“Of course I’ve seen that.” She had not. “At least they’re not coloring their hair.”
“Are they eating?” Roberto closed the photo and began scrolling through their individual feeds.
“Of course they eat.” When she was sixteen, Addy still had baby fat. Her girls had cheekbones like razor blades, bellies flat and taut. When she’d ask, Emma would laugh and explain how easy it was to manipulate the way you looked with makeup, camera angles, and filters. But Addy wasn’t so sure. “Lemme see that.”
As Roberto handed over his phone, Addy’s own phone rang out, the sound of an old-fashioned telephone filling the air.
“Do you need to get that?” he asked, holding up her purse with the ringing phone inside.
“No,” she said, transfixed by the store’s Instagram account. And then, instantly remembering herself: “I mean yes.” Addy swapped phones with Roberto. “It could be the girls or their school.” Addy looked at the screen. It was a number she didn’t recognize. The exchange looked international, a jumble of extra numbers. “I can let this go to voice mail.”
It would be hours before she remembered to check her messages. Long after her girls came home from school. After her husband came home from work. After she cooked dinner and
served it. After she fell into bed at ten, too tired to stay up to watch TV with Gary. It wasn’t until the next morning, after breakfast, that she remembered to check her voice mail.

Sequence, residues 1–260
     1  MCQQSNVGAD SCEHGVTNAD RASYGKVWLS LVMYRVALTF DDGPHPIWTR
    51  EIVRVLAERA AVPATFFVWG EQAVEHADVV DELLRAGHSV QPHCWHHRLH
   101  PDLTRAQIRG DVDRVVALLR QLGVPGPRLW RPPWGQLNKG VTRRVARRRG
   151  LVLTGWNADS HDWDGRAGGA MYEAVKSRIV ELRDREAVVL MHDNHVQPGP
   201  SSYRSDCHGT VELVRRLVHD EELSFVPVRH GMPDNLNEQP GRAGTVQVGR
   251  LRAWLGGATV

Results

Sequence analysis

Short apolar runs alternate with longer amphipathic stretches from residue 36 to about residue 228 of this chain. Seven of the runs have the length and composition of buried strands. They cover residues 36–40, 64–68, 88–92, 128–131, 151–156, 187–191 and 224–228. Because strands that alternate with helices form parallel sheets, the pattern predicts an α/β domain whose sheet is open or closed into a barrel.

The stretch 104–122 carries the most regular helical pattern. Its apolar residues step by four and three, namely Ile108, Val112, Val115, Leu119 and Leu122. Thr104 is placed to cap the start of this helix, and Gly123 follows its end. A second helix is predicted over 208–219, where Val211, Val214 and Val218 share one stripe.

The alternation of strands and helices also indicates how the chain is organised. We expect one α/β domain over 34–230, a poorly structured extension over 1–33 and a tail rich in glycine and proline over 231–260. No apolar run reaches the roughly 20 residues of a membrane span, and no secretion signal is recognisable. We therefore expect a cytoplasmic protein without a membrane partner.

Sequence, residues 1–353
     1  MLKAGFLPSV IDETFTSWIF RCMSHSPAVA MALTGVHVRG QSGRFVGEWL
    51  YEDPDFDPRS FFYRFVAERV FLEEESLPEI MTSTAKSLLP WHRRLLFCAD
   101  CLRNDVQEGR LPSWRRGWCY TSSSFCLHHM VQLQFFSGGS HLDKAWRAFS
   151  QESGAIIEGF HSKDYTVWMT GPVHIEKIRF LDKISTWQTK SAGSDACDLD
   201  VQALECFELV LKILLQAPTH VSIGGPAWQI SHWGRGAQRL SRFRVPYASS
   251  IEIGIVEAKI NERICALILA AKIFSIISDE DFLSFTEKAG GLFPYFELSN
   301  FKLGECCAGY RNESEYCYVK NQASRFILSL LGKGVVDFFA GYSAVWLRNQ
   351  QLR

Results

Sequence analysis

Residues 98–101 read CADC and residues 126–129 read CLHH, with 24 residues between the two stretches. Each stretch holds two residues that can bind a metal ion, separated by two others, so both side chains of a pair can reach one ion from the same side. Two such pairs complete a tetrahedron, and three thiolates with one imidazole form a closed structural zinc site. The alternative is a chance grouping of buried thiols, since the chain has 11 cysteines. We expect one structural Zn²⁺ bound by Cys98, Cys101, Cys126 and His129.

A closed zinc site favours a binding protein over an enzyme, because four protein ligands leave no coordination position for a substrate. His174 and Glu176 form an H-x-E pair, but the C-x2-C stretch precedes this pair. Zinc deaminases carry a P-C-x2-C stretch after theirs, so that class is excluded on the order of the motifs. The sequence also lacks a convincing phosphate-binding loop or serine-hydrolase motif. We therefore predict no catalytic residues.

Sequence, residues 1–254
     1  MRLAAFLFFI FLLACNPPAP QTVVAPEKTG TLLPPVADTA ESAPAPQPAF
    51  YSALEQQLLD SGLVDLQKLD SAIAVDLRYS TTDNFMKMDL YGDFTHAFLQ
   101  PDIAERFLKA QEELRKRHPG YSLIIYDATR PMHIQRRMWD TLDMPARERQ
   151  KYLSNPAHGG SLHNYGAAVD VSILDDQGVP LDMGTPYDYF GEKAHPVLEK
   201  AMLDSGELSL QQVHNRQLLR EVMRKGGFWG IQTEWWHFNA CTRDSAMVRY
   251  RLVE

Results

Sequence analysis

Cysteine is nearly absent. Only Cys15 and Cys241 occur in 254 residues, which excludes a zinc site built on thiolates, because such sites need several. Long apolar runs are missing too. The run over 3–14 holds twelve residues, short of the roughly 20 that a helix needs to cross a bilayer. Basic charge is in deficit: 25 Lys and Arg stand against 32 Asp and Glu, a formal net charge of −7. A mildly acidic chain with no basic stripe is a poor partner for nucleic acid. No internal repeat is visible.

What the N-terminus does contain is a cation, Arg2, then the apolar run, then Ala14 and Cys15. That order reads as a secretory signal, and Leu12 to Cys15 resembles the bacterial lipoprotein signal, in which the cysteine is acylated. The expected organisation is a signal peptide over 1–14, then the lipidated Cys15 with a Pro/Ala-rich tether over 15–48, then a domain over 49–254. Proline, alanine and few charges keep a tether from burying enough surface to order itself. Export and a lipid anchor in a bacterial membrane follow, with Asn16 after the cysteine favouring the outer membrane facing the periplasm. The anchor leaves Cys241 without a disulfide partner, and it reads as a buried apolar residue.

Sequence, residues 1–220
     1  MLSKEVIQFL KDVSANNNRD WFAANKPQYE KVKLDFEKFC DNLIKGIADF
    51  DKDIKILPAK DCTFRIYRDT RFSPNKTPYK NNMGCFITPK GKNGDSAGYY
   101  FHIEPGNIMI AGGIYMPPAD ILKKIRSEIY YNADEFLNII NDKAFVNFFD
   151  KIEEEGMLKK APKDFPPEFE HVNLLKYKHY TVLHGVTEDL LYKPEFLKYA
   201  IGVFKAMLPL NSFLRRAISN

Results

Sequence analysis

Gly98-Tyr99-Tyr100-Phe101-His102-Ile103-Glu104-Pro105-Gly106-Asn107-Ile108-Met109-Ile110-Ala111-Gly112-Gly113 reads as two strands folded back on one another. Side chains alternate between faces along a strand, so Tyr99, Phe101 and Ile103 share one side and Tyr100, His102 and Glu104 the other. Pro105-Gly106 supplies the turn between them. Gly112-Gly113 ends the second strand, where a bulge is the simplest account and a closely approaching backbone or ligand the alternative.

And after that, nothing would be the same.
Excerpted from The Liz Taylor Ring by Brenda Janowitz, Copyright © 2021 by Brenda Janowitz. Published by arrangement with Harlequin Books S.A.
THE GRACE KELLY DRESS and the upcoming THE LIZ TAYLOR RING, which will be published by Harper Collins/ Graydon House on February 1, 2022. She is the former Books Correspondent for PopSugar. Her work has also appeared in The New York Times, The Washington Post, Real Simple, The Sunday Times (UK), Salon, Redbook, USA Today, Bustle, The Forward, the New York Post, Publisher’s Weekly, Hello Giggles, Writer’s Digest Magazine, WritersDigest.com, and xojane.
Brenda attended Cornell University and Hofstra Law School, where she was a member of the Law Review. Upon graduation from Hofstra, worked for the law firm Kaye Scholer, LLP, and did a federal clerkship with the Honorable Marilyn Dolan Go, United States Magistrate Judge for the Eastern District of New York.